Here, while Failing frames its challenge to the size and capacity of NITCO's proposed vehicle in terms of responsiveness, Failing does not allege, nor does the record otherwise indicate, that NITCO took exception in its bid to any of the solicitation's terms and conditions. In this regard, the solicitation simply required that the offered truck chassis comply with federal specification KKK-T-2111; this specification does not impose a 65,000 pound gross combination weight requirement, or any other load bearing requirements. Moreover, based on the descriptive literature furnished by NITCO, discussions with NITCO and Ford Motor Company engineers, and its employees' knowledge of available drilling equipment, the Army specifically determined that the Ford FT-900 model truck proposed by NITCO would comply with the IFB's requirements. Failing disagrees, but has not clearly shown that the Army is wrong. Accordingly, we see no basis for concluding that NITCO's bid was nonresponsive.

Failing also questions NITCO's responsibility as a vendor to supply the required drilling equipment. Specifically, Failing contends that NITCO has only been in business a relatively short period of time, has few employees and a sparse credit history, has never manufactured a drilling rig that meets the specifications of this IFB, and has not been approved by applicable trade associations. Failing concludes that the agency's affirmative determination of responsibility was unjustified.

Whether NITCO is a responsible prospective contractor is a determination within the business judgment of the contracting agency. Prior to award, an agency is required to make an affirmative determination of the prospective awardee's responsibility, FAR Sec. 9.103(b), which we will not question absent a showing of fraud or bad faith. Bid Protest Regulations, 4 C.F.R. Sec. 21.3(m)(5) (1988). To make this showing, the protester has a heavy burden of proof, as contracting officials are presumed to act in good faith. Keyes Fibre Co., B-225509, Apr. 7, 1987, 87-1 CPD Para. 383.

We find no showing of bad faith here. The record shows that the affirmative determination of NITCO's responsibility was made on the basis of a preaward survey that found NITCO to have adequate financial resources and an adequate production capability to manufacture the required drilling equipment. While the survey did disclose that NITCO has limited experience in the manufacture of the equipment, the Army reports that NITCO indeed has assembled well-drilling equipment for more than 2 years, and that its product line includes a drilling rig quite similar to the one required here. We thus find no basis to object to the affirmative determination of NITCO's responsibility.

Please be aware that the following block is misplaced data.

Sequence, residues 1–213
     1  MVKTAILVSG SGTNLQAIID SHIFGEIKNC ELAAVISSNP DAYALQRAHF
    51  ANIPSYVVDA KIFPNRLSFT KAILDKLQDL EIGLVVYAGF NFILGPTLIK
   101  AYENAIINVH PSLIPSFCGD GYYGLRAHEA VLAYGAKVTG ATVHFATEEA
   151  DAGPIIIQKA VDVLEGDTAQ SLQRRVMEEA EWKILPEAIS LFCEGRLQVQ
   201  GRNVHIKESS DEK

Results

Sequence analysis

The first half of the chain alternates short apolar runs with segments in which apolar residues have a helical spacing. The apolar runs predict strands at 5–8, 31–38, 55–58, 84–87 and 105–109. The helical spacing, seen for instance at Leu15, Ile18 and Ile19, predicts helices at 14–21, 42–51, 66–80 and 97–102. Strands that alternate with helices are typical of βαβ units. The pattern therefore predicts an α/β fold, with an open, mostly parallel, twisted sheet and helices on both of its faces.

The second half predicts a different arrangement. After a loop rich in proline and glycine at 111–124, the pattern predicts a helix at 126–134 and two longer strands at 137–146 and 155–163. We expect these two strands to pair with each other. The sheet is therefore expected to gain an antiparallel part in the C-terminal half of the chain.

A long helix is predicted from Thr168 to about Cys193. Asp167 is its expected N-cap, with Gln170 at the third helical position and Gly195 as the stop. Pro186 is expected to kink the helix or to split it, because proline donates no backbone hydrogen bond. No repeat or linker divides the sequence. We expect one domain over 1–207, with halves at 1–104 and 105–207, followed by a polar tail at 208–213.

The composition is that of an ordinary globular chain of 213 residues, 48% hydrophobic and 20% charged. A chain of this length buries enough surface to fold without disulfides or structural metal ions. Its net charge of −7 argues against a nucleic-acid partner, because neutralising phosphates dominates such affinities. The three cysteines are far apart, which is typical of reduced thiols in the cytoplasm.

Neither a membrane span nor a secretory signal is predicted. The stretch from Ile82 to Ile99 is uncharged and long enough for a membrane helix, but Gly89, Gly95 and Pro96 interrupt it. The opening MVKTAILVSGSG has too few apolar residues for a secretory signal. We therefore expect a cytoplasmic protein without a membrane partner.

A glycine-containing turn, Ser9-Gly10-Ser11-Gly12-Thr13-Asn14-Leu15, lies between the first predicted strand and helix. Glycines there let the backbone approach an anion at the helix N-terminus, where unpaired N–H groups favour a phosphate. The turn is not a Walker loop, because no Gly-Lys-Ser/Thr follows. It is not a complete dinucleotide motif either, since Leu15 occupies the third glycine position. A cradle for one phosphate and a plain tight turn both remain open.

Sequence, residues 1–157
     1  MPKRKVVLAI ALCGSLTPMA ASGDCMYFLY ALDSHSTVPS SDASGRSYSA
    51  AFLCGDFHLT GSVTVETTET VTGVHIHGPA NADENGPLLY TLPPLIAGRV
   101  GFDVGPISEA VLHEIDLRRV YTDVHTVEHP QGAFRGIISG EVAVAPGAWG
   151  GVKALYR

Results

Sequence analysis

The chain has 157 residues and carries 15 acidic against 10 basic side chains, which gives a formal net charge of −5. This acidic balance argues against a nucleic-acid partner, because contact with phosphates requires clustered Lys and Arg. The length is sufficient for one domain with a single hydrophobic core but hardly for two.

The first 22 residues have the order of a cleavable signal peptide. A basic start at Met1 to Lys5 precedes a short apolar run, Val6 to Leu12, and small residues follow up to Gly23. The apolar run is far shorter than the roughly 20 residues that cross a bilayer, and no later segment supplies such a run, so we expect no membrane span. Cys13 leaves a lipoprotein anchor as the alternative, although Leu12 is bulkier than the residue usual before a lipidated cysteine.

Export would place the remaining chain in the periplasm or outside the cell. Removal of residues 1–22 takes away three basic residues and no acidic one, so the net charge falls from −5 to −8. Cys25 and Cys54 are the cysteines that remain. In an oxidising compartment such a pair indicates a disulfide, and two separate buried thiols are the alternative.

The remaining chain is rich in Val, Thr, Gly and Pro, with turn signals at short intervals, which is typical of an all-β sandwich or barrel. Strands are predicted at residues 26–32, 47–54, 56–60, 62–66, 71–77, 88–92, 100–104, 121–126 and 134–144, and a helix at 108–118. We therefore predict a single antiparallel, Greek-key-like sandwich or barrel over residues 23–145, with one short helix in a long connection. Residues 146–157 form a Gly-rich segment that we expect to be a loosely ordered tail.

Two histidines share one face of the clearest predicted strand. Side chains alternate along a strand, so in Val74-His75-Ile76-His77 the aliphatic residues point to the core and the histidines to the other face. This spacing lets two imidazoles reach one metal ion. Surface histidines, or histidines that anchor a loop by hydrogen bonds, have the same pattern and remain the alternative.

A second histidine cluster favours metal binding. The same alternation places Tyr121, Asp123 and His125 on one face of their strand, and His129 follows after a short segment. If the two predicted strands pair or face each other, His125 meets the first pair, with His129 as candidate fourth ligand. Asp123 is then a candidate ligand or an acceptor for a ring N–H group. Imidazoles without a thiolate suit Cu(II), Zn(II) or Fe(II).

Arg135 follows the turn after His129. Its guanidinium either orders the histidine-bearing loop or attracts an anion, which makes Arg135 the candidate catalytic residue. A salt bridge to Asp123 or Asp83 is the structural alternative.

Failing finally contends that the Army improperly allowed NITCO to correct a mistake in its bid after bid opening which resulted in NITCO's displacing several other responsive firms in becoming the low bidder. The Army initially calculated NITCO's total bid price to be $2,337,250, which it computed by totaling the bid schedule prices for each of the solicitation's line items. During a discussion with agency personnel shortly after bid opening, however, NITCO noted that this sum did not represent its intended bid; NITCO explained that the price it quoted for line item 0001 (production quantity) erroneously included prices for line items 0002 through 0004, and that its intended price was actually $2,127,250. The Army found this lower price, which was the low price bid, to be supported by a detailed bid price breakdown, which NITCO included with its descriptive literature, and therefore concluded that correction should be permitted.

Failing argues that NITCO should have been bound by the higher total price computed from its bid schedule, under which NITCO would have been only fourth low. Failing believes that NITCO should not have been permitted to revise this price downward, thereby displacing the other bidders, by reference to the price breakdown included with its bid package.

Under FAR Sec. 14.404-3(a), an agency may permit a bidder to correct an alleged mistake where clear and convincing evidence establishes both the existence of the mistake and the bid actually intended. Where such a correction would result in displacing one or more lower bids, however, the correction is permissible only if the existence of the mistake and the bid actually intended are ascertainable substantially from the invitation and the bid itself, including all documents comprising the bid package. Eagle Electric, B-228500, Feb. 5, 1988, 88-1 CPD Para. 116; see Clear Maintenance Corp., B-207607, Aug. 23, 1982, 82-2 CPD Para. 167 (bid bond may be considered in ascertaining intended bid price).

We think the Army's consideration of NITCO's entire bid package, including the price breakdown, to ascertain NITCO's intended bid price was proper under the above standard. Reference to the price breakdown clearly shows that NITCO, in completing the bid schedule, included prices for solicitation line items 0002 through 0004 twice. This occurred when NITCO transferred its prices from the price breakdown; although the breakdown total included items 0002 through 0004, NITCO inadvertently inserted this total on the schedule as its item 0001 price, and then also inserted the separate prices for items 0002 through 0004. Thus, when all items were added to arrive at the total bid price, the total shown on the schedule included the prices for items 0002 through 0004 twice. We conclude that NITCO's bid, read as a whole, clearly indicated that NITCO intended to bid the lower price, and that correction therefore was proper.

The protest is denied.